By JOHN-JOHN WILLIAMS IV | One hosts movie nights, karaoke and other events that provide a safe space for LGBTQ people. Another has become a sounding board for customers at his gay bar dealing with pressures of the outside world. And a third beats the pavement to promote political awareness about LGBTQ issues.

These are just some of the things five Baltimoreans the Baltimore Banner is profiling in honor of Baltimore Pride Month are doing in the fight for visibility, support and acceptance of their peers.

The rest of this article can be found on the Baltimore Banner’s website.

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Delaware

Delaware’s Sussex Pride launches free statewide HIV, STI testing

Special program honors National HIV Testing Day on June 27

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Each year on June 27, people across the United States are encouraged to get tested for HIV. This year for Delawareans, it’s easier than ever.

Sussex Pride has partnered with STDCheck to offer free HIV and syphilis testing everywhere in Delaware. There are more than 20 locations across the state, making it simple to find a testing center.  

David Mariner, executive director of Sussex Pride, told the Blade, “We are thrilled with this new partnership with STDcheck. The ultimate goal is to empower individuals with knowledge about their HIV status, provide necessary support, and facilitate early intervention to improve health outcomes in our state.”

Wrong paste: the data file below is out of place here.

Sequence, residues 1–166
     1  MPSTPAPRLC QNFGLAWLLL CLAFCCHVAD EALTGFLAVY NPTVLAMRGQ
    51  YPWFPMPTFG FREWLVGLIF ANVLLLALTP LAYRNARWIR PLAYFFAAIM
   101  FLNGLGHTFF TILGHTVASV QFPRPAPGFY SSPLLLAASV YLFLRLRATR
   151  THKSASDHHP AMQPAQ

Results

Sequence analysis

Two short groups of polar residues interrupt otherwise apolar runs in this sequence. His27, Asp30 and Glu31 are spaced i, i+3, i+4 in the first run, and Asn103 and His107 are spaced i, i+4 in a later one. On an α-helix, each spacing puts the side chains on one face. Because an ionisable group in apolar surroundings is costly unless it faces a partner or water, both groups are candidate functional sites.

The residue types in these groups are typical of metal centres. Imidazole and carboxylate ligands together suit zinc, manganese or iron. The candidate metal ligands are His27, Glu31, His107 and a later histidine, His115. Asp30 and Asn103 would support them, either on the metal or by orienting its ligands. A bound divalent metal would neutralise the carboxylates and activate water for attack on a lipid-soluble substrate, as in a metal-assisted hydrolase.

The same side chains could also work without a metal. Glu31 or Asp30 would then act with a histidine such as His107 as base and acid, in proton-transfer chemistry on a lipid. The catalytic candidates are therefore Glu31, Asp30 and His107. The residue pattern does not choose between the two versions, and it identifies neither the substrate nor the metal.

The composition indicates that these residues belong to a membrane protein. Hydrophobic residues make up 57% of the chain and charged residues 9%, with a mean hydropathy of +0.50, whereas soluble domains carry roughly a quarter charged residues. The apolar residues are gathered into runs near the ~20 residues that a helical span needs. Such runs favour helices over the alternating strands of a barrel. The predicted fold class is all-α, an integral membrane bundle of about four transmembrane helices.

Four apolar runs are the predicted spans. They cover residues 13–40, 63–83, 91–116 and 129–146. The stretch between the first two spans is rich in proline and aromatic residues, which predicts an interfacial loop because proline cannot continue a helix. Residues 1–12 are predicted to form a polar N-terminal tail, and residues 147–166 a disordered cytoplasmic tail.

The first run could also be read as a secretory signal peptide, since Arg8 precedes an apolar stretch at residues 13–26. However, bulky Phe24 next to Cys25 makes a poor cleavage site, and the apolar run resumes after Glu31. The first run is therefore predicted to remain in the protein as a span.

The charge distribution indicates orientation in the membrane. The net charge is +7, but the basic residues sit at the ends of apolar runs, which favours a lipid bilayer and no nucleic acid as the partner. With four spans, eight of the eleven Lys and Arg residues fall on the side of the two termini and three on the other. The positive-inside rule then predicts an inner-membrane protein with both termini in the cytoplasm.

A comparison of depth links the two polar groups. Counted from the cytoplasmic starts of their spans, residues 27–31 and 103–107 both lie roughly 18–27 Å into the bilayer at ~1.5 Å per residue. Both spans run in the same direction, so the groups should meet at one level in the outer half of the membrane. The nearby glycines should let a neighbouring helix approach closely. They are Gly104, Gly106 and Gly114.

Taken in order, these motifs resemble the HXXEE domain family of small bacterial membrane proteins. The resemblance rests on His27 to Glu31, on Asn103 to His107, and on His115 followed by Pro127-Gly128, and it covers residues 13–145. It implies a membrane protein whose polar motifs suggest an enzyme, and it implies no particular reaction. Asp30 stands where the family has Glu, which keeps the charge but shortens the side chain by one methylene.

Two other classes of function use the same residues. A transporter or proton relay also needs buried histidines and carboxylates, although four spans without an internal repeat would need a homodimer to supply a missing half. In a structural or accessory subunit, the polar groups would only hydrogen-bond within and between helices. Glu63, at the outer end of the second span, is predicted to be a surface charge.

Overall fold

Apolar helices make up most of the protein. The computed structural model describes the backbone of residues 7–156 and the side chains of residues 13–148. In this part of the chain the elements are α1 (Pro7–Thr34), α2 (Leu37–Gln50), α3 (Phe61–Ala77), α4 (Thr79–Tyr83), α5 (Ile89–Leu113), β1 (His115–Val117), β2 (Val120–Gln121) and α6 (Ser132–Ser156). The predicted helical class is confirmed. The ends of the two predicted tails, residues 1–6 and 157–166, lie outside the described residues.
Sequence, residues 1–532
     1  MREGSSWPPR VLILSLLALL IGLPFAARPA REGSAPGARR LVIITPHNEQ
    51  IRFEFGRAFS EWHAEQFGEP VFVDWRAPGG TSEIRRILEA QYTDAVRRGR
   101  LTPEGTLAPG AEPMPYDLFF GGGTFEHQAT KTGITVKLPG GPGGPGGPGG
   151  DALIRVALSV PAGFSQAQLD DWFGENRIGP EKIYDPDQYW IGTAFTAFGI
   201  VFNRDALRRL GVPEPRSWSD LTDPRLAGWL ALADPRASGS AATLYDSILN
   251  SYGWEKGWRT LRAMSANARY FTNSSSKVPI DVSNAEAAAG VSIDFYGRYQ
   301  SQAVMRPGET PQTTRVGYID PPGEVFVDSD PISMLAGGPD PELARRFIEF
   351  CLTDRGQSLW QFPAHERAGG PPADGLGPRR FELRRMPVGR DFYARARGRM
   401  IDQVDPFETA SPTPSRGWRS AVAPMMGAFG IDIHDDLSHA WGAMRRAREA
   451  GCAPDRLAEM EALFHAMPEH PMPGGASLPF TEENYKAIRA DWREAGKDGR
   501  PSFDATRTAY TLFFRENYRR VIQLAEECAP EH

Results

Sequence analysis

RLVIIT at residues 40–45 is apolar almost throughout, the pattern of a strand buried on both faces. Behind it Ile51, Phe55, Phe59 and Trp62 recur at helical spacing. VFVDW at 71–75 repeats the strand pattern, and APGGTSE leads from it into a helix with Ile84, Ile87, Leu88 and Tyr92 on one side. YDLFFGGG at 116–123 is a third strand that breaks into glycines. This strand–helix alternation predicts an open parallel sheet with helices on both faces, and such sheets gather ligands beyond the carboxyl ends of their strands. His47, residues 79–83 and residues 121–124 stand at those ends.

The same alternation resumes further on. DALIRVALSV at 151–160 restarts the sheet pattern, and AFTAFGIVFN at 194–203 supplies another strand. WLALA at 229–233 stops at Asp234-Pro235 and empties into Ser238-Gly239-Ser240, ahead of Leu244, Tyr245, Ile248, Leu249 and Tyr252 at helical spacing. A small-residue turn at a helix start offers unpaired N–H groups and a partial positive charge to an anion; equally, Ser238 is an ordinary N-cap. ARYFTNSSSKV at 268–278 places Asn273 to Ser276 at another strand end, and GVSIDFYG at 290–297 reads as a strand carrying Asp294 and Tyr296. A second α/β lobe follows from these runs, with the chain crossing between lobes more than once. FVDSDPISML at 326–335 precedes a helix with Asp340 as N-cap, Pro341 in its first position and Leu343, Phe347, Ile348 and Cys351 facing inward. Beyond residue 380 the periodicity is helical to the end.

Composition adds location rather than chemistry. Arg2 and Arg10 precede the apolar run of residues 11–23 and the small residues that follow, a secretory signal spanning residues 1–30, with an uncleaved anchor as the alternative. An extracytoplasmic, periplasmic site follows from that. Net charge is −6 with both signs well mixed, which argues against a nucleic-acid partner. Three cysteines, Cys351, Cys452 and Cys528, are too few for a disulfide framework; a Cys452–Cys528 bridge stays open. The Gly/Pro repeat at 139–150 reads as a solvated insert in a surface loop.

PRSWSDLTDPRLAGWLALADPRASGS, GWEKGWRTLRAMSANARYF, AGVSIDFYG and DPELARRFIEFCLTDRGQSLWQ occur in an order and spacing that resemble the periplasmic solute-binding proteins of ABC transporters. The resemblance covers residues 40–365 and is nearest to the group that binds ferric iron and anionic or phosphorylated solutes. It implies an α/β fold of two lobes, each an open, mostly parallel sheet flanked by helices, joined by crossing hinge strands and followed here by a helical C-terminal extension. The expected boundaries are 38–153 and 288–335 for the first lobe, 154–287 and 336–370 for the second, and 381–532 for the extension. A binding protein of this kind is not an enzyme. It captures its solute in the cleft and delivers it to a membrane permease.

Finding a testing center, getting tested, and getting results is simple. Start by finding a lab near you using this link (https://www.stdcheck.com/std-test-center.php). Then call STDcheck at 800-456-2323 and request a free Sussex Pride HIV and/or syphilis test. Make sure to mention Sussex Pride in the call to get the test for free. Then schedule a time and get tested. 

“If you are HIV positive, the sooner you know, the better,” Mariner added. “Early and sustained treatment can help you live a long and healthy life. It can also help protect others.”

This special program is in honor of National HIV Testing Day, created in 1995 to highlight the lifesaving impact of HIV testing. HIV has historically had a disproportionate effect on the LGBTQ community. According to the CDC, 70% of all new cases of HIV in 2021 were among gay and bisexual men and other men who have sex with men.

The CDC’s theme for this year’s HIV testing day is “Level up your self-love: check your status.” The theme emphasizes, “valuing yourself, showing yourself compassion and respect, and honoring your health needs with self-love,” and the best way to do that is to test.

For more information on Sussex Pride’s testing program visit sussexpride.org/posts/testing/ and for more information on HIV visit CDC.gov/hiv.